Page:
Time marches on and the market has expanded, not just with insulin pumps but with CGMs, and this is where my trepidation comes in. I had tried the Sof-Serter and abandoned it due to pain and accuracy issues. When I attended the Medtronic Advocacy Summit in January, I spoke with several Medtronic employees who assured me that the new CGM is less painful to insert and more accurate than before.  We. Shall. See.

Why I’m Trying The MiniMed 530G with Enlite

I’m curious. (Isn’t that enough?)

I love my Dexcom CGM. I love its accuracy, it’s ability to eek past the recommended seven day readings, and the fact that my husband can take it from me and still watch my numbers as I snuggle in the other room with The Kid. (And yes, he has brought me a juice box when I didn’t realize I was going low.) I love my MiniMed Revel 723. My fingers know the buttons in the dark. It’s been a part of me for so long. There are other insulin pumps out there and I’ve petted some of them, wondering if I would like them just as much if not more than what I currently have.

But this Threshold Suspend thing that will stop insulin delivery if it goes below a decided upon BG level? Totally looking forward to that if it does what it’s supposed to do. My overnight lows, even with the Dexcom, are still pretty rough. I’m sleeping through my alarms until I get to the 55 mg/dl or below “prisoners are escaping” blare. By then, I’m wobbly, cranky, and I eat until I stop panicking. Total barrel full of fun the next day. As the Threshold Suspend is unique to the Medtronic Minimed 530G, it’s a big deal for me. Will it be worth giving up my Dexcom? Would it be better for me than the upcoming but not yet released Animas Vibe? Can I get over the non-open standard nature of Medtronic data?  We. Shall. See.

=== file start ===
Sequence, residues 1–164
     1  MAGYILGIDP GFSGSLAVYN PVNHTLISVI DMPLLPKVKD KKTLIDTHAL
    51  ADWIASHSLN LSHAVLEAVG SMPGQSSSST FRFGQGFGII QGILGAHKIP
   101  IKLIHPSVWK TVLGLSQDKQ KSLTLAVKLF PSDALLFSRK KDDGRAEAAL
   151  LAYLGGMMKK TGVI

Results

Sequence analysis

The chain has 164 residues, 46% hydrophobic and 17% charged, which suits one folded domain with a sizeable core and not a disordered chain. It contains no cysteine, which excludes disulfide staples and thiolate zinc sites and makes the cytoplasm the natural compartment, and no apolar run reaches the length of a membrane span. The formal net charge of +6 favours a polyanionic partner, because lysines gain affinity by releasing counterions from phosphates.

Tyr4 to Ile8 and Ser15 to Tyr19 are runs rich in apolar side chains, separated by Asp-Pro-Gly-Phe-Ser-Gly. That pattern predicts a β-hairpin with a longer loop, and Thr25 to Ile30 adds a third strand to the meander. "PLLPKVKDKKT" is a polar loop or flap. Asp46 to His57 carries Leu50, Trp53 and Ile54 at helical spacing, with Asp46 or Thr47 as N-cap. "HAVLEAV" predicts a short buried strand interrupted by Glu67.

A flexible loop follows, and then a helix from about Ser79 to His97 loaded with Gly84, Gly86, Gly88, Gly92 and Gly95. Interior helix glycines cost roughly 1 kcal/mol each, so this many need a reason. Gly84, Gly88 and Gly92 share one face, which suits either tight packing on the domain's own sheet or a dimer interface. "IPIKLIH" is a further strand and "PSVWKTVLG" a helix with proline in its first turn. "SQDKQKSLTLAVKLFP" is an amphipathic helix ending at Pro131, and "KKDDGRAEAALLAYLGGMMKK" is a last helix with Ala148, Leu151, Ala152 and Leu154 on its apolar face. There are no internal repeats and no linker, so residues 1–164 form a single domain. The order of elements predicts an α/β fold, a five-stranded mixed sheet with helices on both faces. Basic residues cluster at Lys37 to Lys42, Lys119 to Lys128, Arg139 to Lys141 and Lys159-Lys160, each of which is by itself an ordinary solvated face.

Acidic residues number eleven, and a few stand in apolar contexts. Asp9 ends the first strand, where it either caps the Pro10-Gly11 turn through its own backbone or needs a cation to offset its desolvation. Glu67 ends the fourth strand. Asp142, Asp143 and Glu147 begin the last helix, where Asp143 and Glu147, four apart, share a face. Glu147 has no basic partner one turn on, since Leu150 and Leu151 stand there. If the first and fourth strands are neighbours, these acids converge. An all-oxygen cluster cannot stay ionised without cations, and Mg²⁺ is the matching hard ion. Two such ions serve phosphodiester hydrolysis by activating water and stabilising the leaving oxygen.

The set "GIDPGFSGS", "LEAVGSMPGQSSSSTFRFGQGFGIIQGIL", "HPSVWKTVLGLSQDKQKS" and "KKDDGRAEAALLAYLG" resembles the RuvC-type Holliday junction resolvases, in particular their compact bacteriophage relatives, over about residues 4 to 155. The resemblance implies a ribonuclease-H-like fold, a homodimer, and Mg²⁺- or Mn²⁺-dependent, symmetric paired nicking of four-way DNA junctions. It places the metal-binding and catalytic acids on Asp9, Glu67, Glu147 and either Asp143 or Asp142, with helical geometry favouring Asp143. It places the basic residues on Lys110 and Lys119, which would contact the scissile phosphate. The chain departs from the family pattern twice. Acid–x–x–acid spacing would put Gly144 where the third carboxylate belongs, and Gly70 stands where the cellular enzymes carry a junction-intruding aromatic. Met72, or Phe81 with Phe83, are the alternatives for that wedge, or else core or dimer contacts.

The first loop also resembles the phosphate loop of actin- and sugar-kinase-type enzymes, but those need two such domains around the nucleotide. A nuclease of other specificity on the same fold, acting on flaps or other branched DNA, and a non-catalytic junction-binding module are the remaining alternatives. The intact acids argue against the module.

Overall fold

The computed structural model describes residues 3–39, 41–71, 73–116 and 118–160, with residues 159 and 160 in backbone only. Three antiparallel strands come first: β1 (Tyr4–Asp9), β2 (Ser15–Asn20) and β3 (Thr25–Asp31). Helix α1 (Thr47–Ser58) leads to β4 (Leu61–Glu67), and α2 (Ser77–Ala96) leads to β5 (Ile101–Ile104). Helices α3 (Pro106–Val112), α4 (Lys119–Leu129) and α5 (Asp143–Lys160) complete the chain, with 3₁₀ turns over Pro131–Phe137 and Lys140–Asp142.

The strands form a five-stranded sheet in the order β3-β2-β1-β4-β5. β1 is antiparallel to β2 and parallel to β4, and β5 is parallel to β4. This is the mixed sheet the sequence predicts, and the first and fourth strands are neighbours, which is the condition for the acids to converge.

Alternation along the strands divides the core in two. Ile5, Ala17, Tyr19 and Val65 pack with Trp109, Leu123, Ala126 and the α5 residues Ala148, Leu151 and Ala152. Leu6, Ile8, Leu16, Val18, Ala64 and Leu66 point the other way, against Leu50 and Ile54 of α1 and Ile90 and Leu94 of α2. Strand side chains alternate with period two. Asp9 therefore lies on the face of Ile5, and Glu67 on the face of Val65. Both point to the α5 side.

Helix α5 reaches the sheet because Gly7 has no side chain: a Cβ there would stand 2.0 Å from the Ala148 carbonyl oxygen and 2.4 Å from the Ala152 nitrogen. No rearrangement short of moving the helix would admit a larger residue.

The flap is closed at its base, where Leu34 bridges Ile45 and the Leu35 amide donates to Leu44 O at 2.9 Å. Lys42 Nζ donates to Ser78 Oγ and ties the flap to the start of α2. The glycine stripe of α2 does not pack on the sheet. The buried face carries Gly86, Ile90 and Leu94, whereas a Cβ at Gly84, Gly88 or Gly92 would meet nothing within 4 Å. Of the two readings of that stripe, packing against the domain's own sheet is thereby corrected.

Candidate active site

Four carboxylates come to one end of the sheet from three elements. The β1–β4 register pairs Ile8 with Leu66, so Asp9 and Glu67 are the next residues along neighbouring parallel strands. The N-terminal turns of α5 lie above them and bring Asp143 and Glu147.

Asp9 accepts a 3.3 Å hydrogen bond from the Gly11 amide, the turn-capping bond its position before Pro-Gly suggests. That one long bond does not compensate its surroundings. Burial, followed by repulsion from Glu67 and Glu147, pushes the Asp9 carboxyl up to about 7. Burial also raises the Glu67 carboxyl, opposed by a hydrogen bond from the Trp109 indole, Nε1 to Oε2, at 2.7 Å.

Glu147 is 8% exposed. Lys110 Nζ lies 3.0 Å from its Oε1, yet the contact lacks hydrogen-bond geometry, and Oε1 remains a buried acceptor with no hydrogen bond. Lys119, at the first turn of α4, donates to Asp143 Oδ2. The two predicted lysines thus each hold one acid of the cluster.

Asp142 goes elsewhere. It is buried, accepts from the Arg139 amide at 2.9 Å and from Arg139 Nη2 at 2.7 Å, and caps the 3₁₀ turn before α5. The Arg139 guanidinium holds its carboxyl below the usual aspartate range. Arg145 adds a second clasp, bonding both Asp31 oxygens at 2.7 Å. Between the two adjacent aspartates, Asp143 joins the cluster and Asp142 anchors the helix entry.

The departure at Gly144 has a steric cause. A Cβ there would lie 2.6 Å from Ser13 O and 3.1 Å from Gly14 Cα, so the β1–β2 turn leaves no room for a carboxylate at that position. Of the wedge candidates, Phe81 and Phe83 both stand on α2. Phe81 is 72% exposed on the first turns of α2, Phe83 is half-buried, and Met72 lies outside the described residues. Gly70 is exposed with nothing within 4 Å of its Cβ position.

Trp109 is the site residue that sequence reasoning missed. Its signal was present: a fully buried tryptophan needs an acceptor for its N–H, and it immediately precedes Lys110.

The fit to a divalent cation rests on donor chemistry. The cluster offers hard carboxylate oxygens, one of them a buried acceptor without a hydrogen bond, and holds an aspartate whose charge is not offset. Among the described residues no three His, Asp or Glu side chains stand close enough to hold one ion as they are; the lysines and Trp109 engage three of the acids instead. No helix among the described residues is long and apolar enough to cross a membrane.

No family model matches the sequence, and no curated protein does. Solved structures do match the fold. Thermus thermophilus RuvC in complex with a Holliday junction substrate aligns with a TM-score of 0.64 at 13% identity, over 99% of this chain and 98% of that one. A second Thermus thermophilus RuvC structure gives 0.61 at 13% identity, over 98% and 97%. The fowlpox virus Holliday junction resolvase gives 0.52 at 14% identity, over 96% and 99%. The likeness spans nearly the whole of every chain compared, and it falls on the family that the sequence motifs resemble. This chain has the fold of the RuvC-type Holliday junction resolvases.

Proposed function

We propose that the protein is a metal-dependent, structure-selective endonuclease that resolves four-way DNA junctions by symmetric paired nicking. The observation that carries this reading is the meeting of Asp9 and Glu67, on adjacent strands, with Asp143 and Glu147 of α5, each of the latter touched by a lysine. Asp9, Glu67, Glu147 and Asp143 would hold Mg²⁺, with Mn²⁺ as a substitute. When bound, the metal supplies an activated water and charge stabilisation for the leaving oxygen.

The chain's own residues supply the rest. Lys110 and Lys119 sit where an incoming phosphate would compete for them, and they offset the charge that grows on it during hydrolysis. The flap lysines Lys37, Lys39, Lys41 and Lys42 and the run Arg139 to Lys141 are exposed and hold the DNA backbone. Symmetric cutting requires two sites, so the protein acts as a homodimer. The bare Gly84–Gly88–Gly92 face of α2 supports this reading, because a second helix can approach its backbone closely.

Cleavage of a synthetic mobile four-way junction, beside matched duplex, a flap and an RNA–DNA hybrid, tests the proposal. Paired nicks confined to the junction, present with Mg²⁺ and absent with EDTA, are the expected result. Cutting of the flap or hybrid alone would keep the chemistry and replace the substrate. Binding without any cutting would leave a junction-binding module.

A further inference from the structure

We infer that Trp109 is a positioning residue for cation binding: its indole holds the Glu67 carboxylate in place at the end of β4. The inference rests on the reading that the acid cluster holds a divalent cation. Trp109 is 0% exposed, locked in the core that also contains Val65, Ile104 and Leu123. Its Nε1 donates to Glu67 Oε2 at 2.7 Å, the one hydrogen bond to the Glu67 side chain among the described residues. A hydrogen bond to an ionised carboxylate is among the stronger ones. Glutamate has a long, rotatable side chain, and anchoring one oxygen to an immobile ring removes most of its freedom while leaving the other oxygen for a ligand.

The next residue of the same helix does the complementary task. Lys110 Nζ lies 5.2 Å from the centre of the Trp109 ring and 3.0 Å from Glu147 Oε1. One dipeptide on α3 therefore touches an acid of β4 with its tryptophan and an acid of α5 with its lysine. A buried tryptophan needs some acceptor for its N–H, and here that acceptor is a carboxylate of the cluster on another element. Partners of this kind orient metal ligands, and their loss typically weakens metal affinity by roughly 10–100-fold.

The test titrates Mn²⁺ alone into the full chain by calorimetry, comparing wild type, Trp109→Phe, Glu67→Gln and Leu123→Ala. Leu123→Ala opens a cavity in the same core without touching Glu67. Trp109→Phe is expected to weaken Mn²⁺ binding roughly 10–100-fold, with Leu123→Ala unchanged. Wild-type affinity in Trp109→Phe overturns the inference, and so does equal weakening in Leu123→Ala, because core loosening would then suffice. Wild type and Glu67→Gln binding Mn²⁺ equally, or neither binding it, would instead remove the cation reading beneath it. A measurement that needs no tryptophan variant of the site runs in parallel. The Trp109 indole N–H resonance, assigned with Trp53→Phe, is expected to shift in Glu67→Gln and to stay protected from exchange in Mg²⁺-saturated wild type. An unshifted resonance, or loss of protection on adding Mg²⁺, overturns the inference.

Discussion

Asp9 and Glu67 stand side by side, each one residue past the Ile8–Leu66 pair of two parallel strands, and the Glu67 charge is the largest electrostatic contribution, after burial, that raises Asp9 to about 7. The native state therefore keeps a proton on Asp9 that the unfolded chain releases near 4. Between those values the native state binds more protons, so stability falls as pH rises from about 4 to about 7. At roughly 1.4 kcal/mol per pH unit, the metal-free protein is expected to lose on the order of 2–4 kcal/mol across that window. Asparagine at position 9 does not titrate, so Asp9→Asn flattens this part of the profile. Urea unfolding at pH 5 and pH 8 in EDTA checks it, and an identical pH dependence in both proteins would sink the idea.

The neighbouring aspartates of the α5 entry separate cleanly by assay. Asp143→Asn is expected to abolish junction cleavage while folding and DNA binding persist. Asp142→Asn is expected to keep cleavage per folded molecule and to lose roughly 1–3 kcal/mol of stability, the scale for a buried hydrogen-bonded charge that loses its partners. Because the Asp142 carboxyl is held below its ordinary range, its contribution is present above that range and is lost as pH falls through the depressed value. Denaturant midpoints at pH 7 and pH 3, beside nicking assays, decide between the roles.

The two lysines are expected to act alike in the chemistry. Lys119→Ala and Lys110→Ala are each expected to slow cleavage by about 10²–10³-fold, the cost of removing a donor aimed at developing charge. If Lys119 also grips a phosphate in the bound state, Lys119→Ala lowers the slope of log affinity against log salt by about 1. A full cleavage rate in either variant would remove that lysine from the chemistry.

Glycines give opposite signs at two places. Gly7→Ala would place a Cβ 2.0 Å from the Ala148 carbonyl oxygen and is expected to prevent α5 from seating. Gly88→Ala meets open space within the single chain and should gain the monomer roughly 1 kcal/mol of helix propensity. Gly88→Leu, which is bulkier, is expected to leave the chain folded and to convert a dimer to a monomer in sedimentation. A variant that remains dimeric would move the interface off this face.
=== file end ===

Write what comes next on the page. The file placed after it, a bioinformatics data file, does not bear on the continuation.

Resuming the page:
We. Shall. See.

I keep saying: “We. Shall. See.” because you’re basically taking me home for 90 days. You get to watch me run around like Zipper and observe this experiment in habitat. Fun photos! Great stories! An expletive or two! (O.K., I hope not…) Reality.

I would like a water bottle on the side of my cage, please. Maybe filled with caffeine? Can you do that for me?

My name is Zipper and I’ll be wearing the MiniMed 530G with Enlite for the next 90 days.